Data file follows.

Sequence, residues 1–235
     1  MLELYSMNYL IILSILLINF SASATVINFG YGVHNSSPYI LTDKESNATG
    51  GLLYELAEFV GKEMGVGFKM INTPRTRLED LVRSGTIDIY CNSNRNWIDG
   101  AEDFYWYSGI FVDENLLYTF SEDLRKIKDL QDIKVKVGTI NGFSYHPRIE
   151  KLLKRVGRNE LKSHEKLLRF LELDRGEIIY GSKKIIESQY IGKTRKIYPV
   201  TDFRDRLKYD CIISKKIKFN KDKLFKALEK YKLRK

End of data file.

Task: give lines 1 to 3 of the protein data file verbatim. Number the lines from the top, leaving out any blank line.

Sequence, residues 1–235
     1  MLELYSMNYL IILSILLINF SASATVINFG YGVHNSSPYI LTDKESNATG
    51  GLLYELAEFV GKEMGVGFKM INTPRTRLED LVRSGTIDIY CNSNRNWIDG